Our next ticket is to implement another integration with 3rd party HTTP API. As it's in life, the documentation is imprecise, provided examples are outdated, and nobody is responding to our e-mails. It's not the first one though, so after some time we do have it ready. Either it is MVP, or maybe even we are confident enough to say that this integration between our app and 3rd party "works correctly" (whatever that means, in presence of the API of which the code one cannot see).
Despite all of the problems, there is a strong chance that one thing wasn't a problem during development -- the availability of that HTTP service. When working on implementation the requests are sent rarely (compared to what will happen in the production system) and even then, we don't pay attention to the response times. Pull request gets merged and then for some time we look at the new metrics for some time. We check whether background jobs are processing correctly, without errors, and within reasonable times for that functionality. All good, we can proceed to the next ticket.
Fast forward a few months.
What happens when (not if, because it will happen sooner or later) HTTP service owned by the 3rd party will timeout? In many HTTP libraries, the default timeout is 120 or 90 seconds.
Will one background job processing for 90 seconds will be a problem? Surely not, we have dozens, if not hundreds of background workers. That won't be even considered a hiccup.
Will hundreds of background jobs processing for 90 seconds will be a problem? Uh-oh, unless we have actively thought about that scenario, we now have hundreds of jobs stuck, waiting for an answer from an HTTP service, and nothing else is processing. Depending on how much we rely on the background jobs it can be either only some sweat and lesson learned or a time where our service was "basically down".
That's why it's so important to ensure that all HTTP calls have reasonable timeouts set. If we think that a 3-second response is unacceptable in our system, why would we not react to the fact when third parties respond for over a minute? Of course, it's not always possible to set a timeout limit to 3 seconds. If one of the HTTP calls needs to pull lots of data, it's reasonable to set a higher timeout than on the HTTP call which fetches a simple resource. And even in that case, you don't need to accept waiting 60 seconds for opening a connection, so setting higher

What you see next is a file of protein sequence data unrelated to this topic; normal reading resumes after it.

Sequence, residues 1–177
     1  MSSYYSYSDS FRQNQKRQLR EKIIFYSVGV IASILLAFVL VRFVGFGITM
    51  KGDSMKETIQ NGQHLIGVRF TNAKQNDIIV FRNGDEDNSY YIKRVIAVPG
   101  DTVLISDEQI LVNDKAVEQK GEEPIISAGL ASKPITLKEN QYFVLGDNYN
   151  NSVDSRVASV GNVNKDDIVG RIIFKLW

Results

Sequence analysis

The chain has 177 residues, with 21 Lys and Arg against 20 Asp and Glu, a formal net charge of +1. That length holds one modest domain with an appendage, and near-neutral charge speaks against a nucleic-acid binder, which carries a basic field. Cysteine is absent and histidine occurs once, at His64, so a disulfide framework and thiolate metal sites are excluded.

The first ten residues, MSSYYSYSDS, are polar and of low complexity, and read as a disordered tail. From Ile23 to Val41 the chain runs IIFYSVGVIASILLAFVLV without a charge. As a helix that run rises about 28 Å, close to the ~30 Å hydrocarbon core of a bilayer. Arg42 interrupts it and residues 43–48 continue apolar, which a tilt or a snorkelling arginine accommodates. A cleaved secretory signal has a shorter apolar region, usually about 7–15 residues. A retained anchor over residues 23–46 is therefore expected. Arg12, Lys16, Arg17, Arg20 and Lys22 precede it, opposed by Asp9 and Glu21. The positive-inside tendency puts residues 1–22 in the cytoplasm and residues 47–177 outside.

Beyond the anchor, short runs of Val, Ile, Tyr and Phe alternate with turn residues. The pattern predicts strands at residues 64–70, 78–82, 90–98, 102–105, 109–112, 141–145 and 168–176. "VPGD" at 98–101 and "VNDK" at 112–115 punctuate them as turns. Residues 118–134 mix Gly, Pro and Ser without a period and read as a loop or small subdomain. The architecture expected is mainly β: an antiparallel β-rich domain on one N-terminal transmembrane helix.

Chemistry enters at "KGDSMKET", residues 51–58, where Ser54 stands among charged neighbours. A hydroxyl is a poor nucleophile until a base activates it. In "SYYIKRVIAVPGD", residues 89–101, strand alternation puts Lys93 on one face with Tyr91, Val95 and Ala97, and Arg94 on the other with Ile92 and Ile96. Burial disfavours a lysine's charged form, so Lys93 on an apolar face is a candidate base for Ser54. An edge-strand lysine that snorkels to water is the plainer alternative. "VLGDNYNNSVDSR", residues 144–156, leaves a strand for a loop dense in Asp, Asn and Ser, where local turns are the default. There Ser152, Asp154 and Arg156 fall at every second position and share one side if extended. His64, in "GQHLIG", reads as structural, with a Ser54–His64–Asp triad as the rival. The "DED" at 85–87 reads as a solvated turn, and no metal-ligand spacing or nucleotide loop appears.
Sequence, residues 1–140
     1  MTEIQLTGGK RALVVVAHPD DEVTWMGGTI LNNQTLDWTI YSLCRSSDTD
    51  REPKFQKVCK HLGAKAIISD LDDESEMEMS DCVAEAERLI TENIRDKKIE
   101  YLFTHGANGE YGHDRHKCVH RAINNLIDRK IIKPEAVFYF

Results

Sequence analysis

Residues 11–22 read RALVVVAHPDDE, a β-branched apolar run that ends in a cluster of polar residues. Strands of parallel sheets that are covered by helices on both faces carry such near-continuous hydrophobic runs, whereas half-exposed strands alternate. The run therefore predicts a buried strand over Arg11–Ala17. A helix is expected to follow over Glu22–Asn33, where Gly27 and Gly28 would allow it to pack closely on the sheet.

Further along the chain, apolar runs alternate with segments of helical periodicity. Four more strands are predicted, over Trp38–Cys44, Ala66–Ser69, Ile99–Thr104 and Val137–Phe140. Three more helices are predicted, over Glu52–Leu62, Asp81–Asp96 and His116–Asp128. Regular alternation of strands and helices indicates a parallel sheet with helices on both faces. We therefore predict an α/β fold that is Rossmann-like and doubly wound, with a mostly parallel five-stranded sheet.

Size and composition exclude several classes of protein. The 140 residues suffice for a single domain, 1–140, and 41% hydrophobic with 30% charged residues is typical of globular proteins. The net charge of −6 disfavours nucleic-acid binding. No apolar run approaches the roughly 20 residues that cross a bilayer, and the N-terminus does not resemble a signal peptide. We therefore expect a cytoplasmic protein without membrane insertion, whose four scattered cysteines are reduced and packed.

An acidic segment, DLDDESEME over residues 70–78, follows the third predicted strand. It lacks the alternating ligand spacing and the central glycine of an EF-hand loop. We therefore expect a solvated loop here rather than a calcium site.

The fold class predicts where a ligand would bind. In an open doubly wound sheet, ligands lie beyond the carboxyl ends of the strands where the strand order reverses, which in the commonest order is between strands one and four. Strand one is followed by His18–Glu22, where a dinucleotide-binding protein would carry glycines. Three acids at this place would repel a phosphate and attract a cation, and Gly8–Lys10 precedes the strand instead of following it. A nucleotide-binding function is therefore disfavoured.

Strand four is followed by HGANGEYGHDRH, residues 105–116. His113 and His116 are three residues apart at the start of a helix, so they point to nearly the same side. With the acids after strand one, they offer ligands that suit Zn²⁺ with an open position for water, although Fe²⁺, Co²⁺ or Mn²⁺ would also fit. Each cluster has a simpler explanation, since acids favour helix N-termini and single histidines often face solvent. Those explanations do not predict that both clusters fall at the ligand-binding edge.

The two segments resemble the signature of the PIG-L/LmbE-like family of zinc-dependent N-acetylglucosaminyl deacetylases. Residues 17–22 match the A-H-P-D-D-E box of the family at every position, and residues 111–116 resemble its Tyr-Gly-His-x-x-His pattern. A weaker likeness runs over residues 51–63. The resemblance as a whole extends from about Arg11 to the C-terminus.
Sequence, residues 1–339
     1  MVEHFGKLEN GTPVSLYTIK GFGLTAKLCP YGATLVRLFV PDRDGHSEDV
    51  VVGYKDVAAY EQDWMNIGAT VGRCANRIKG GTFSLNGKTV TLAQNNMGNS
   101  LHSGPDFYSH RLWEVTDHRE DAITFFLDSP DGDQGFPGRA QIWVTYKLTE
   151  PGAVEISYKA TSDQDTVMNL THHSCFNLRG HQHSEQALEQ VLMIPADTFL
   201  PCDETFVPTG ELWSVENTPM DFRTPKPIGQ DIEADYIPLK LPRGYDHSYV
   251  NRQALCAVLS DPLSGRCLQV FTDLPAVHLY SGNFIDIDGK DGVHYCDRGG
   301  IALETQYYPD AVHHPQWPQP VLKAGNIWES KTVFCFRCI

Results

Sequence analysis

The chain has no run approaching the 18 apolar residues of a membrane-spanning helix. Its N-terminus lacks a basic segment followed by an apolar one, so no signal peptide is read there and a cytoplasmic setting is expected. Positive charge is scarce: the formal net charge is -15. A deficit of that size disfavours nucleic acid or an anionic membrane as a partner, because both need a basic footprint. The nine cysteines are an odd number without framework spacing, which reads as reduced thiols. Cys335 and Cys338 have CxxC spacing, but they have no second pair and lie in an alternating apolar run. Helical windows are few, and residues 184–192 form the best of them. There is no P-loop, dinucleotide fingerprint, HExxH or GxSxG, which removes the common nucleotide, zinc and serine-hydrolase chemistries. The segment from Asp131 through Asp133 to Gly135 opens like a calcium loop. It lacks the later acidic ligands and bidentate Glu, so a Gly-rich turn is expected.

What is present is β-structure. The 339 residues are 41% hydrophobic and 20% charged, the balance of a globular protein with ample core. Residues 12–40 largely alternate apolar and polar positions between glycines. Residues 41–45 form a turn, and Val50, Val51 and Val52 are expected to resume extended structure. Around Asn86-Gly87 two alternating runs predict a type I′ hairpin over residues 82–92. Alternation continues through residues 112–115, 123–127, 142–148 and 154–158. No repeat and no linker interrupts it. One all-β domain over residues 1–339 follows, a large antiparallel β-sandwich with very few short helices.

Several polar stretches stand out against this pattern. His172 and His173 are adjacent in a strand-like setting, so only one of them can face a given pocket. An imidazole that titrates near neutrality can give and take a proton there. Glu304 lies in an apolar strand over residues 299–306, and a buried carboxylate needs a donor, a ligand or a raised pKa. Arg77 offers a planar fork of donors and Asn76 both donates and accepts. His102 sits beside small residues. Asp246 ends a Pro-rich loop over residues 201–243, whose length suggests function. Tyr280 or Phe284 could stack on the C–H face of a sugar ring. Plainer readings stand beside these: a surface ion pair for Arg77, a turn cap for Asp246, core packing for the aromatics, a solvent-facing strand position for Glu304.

read_timeout, but low
open_timeout is still advisable. Moreover, setting explicit timeout in the code informs other developers that we were aware of the potential outage to happen and we tried to set reasonable values for these timeouts.
Also, it makes sense to limit the number of resources being pulled. If the API does allow to customize page size, it's better to send 2 requests asking for 500 entries, than 1 request asking for 1000. Not only one can set a lower timeout in the first one, but it's also probably less likely to fail.
Of course, timeouts are not the only thing one can do to prevent misbehaving 3rd parties from pushing us down:
- Limiting the retries of the background jobs depending on the error being raised will ensure that a job that failed with the
TimeoutErrorwon't be retried again to occupy the worker for the next 90 seconds.
- Implementing a circuit breaker prevents subsequent calls from being made, even without wasting time waiting for the job's failure.
- Using a separate instance for each external integration limits the damage done and at the same time is easy to implement in systems with clusterized infrastructure.
Preventing is one, awareness is another. Sending the metric event about timeout happened to monitoring infrastructure will ensure that the support team is aware of the issue. But now, if you have defending mechanisms in place, the only thing the support team needs to do is to give a heads up "hey, FYI integration X is not working". There is no "we have an outage, nothing else is processing except that malfunctioning integration" nor "does someone remember what's an API to remove all jobs of given type from the retries" (btw. here you go).
With all these in place, you may make your colleague's support day a lazy one by doing little precautions beforehand.